Abstract

Jamaica’s trans-shipment industry is amongst the largest in the Caribbean with 90% of trans-shipment activities occurring in Kingston Harbour. The eastern ship channel is populated with patch and fringing coral reefs. In 2002, approximately 20% of an originally sloping face of Rackham’s Cay, on the southern edge of the channel, was cut vertically to 18m and dredged to widen the channel. The successional changes on the newly created vertical limestone wall was assessed between 2009 and 2012 at 5m, 10m and 15m depths using bi-annual photographs of fixed 1 m2 quadrats. Photographs were analyzed using Coral Point Count. No colonization of either algal or coralline species was observed at 15m. Initially calcareous and fleshy algae dominated at 5m but showed a gradual decrease over time. Calcareous algae dominated at 10m and increaseed gradually over the 4 years. Stony corals at both 5m and 10m had overall low cover and slow colonization; the shallower depth had more coverage (4.1% maximum in 2011). Siderastrea sidera -which dominated Rackham’s Cay before dredging- was consistently present in low coverage. Colonization by species of Acropora and Scolymia indicate slower but better succession at 10m. Ten years following dredging activities, colonization and recruitment have been slow but successful at 5m and 10m; species previously described as abundant lead the colonization. We recommend limiting coral relocation activities to depths not exceeding 10m. Rev. Biol. Trop. 62 (Suppl. 3): 107-114. Epub 2014 September 01.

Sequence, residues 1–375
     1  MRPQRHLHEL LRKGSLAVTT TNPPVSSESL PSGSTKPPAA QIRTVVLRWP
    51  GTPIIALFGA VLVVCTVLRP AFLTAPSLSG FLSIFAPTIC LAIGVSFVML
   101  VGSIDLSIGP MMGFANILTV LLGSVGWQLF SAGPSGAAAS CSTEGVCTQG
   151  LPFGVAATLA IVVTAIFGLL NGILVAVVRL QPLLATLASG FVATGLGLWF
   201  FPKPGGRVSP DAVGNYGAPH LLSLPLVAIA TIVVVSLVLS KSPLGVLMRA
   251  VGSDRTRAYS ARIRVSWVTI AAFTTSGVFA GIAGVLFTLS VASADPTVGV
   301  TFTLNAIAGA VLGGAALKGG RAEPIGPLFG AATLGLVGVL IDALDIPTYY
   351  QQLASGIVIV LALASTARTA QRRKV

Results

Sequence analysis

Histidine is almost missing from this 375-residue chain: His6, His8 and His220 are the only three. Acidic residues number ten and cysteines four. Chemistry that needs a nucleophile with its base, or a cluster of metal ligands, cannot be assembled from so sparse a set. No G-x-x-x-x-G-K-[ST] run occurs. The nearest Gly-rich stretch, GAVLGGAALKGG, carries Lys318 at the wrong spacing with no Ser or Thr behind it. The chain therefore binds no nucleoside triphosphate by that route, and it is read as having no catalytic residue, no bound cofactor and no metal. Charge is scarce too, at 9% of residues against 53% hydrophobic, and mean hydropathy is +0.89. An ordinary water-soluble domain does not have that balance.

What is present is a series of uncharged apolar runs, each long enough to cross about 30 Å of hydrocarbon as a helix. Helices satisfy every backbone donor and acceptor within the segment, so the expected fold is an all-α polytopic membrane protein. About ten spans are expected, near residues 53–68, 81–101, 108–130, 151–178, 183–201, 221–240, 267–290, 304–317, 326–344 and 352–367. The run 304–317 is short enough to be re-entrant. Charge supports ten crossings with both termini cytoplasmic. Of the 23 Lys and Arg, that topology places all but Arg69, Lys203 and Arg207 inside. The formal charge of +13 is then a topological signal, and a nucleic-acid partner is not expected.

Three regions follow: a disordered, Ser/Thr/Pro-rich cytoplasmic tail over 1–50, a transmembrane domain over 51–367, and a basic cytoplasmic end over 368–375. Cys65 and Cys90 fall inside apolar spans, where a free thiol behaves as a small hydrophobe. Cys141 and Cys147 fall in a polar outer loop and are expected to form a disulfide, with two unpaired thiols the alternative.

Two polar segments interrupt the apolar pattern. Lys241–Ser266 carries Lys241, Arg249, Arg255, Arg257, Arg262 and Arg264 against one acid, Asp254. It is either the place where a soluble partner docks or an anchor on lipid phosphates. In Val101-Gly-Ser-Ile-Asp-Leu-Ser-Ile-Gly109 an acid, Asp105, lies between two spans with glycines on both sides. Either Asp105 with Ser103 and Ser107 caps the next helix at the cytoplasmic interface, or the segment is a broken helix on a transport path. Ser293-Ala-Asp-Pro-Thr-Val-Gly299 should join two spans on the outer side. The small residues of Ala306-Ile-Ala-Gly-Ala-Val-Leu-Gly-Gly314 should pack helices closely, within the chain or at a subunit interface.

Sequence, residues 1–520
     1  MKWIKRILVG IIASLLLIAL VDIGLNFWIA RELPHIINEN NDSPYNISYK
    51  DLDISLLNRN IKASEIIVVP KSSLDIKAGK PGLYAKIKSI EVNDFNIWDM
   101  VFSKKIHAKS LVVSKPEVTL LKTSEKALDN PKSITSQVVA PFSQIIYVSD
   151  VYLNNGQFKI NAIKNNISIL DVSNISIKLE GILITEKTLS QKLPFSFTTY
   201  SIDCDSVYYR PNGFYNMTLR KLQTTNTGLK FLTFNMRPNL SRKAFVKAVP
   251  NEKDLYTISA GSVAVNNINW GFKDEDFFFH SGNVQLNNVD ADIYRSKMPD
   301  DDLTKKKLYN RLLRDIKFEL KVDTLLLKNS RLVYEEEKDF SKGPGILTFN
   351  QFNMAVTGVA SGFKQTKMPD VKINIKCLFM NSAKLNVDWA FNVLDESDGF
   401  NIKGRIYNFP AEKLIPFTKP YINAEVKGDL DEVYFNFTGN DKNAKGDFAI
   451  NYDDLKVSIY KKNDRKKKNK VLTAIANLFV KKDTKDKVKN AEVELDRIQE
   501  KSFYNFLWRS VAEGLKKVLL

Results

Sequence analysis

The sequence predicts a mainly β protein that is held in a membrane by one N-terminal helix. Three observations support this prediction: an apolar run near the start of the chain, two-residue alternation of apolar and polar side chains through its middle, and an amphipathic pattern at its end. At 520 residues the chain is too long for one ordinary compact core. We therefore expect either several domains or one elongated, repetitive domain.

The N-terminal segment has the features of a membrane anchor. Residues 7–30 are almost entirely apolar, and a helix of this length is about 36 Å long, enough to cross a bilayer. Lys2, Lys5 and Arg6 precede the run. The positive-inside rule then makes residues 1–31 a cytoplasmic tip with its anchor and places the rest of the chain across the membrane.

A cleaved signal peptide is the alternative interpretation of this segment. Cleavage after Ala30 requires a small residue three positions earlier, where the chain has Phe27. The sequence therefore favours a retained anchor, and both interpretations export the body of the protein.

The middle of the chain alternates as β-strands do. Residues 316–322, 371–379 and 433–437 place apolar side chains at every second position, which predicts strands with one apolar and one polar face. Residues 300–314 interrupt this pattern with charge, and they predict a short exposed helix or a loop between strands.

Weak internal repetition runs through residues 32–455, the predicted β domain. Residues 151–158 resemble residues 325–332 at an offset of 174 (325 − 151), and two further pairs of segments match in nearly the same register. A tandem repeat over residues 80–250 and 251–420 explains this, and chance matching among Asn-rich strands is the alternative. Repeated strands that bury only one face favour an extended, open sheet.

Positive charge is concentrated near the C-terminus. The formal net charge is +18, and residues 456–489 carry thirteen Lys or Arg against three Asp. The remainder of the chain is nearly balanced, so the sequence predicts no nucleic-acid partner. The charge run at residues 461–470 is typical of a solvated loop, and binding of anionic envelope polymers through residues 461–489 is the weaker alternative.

Keywords: Rackham’s Cay, new vertical substrate, coral colonization, succession